Sportswear

Cyclists going through the village now seem to regard the wearing of garish coloured Lycra as a necessity for riding a bicycle. Cycling is not the only physical activity that seems to require particular attire; judging by the high street stores, sportswear is a big industry.

An acquaintance from former times would have suggested no-one thus dressed could be considered to be participating in sport. He would have asserted that an activity could only be considered a sport if it could be undertaken wearing tweed.

While it was a comment that would always prompt smiles among those hearing it, there was always a suspicion that he was being serious. A young fogey, he delighted in wearing a tweed cap and jacket and corduroy trousers. He dressed  as writer P.G. Wodehouse’s character Bertie Wooster might have done if he had been invited to play a round of golf or to join a shoot.

If the wearing of tweed was the criterion for an activity to be considered sporting, then sport was the type of leisure that might be pursued by readers of Country Life magazine. The definition of sport would definitely have included hunting and shooting and fishing. Equestrian activity would be possible for the tweed wearer. Horse racing might demand silks for a professional jockey, how else might the riders have been told apart?  However, a country gentleman might have ridden in point-to-point in a tweed sports jacket and  a bowler hat.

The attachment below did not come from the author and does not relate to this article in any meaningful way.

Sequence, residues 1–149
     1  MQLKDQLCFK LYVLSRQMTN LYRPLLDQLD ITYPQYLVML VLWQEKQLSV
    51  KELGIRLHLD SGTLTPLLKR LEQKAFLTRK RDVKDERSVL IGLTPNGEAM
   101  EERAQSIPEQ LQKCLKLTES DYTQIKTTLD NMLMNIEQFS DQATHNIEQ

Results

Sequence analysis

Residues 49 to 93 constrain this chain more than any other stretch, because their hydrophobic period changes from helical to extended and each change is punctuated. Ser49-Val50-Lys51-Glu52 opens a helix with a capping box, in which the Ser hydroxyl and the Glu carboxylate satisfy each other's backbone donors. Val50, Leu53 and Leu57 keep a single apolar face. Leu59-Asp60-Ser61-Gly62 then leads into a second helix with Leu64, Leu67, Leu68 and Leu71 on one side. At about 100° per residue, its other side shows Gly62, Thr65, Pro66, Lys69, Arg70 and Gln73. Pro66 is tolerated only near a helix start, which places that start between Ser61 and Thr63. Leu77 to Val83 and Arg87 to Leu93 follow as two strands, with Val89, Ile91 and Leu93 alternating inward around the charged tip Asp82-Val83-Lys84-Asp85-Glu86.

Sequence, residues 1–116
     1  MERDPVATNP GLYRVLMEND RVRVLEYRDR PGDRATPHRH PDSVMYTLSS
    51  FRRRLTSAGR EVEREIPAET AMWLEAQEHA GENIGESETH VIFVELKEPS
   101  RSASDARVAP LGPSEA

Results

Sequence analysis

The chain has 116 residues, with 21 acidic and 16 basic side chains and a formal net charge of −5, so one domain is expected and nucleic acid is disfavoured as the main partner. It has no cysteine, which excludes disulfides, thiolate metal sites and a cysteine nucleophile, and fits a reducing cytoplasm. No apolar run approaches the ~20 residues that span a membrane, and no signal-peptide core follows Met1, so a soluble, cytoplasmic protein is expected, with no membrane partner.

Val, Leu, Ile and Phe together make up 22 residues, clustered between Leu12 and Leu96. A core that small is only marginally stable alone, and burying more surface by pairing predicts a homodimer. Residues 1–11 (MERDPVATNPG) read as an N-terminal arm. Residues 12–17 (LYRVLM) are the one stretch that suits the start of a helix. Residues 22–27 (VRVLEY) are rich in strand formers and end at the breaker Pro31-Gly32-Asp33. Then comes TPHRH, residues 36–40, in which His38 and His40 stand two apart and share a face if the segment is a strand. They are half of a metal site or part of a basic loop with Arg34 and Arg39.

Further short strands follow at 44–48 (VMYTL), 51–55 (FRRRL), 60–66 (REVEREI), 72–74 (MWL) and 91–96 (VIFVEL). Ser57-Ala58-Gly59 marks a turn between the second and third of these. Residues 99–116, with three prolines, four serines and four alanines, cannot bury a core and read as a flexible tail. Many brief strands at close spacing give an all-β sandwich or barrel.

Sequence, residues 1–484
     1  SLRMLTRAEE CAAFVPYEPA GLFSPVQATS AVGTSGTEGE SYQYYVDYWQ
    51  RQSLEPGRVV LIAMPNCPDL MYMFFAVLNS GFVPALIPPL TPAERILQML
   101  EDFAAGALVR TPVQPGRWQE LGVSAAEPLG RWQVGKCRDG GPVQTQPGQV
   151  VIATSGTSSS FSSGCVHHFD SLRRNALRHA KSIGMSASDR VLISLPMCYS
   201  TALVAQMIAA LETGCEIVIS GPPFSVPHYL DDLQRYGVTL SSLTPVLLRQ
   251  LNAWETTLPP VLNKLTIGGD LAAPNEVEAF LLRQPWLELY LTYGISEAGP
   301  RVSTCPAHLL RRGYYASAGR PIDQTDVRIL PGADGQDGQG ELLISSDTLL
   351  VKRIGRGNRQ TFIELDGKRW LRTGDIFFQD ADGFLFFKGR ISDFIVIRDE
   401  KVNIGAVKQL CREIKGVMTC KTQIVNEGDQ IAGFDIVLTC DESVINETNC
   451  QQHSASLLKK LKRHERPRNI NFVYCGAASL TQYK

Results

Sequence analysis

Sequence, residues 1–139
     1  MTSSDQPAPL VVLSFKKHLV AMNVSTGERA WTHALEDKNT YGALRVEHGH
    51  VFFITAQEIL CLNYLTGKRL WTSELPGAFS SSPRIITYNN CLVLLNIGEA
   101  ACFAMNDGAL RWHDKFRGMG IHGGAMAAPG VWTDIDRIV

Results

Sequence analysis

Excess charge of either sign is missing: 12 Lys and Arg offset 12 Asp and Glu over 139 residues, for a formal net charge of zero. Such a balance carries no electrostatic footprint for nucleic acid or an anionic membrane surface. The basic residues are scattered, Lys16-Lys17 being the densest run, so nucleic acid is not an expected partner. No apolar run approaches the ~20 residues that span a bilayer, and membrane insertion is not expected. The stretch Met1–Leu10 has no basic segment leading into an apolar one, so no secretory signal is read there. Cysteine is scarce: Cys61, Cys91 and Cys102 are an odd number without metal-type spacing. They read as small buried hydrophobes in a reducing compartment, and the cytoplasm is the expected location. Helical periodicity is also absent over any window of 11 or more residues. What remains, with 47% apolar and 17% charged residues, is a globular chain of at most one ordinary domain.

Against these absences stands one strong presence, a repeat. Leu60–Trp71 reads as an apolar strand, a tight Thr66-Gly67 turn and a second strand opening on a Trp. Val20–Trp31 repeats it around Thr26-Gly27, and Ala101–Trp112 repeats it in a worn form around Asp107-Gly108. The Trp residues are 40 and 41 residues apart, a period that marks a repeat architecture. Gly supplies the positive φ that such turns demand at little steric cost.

Among other sports, golf would, of course, have been on the list, and bicycling would have been a possibility; as would have been the racing of motor cars.

Anything demanding the wearing of shorts would have been excluded from his idea of sport. He was persuaded that ski-ing was possible, but insisted that it could not be considered if it meant wearing luridly coloured, skin-tight body suits.

Indoors, snooker would have seemed a natural sporting activity, although he would probably have thought billiards to be a more appropriate activity for the tweed-clad gentleman. He never mentioned darts.

Definitions of sport vary, but if strength, speed and agility are the standards of the athletic skills that are required, how many activities considered to be sporting are really sports?

But if sport is not about speed, strength or agility, what is it about? If darts and snooker are considered to be sport, then is the definition about physical dexterity?  Is the potential for wearing tweed the real test?

 

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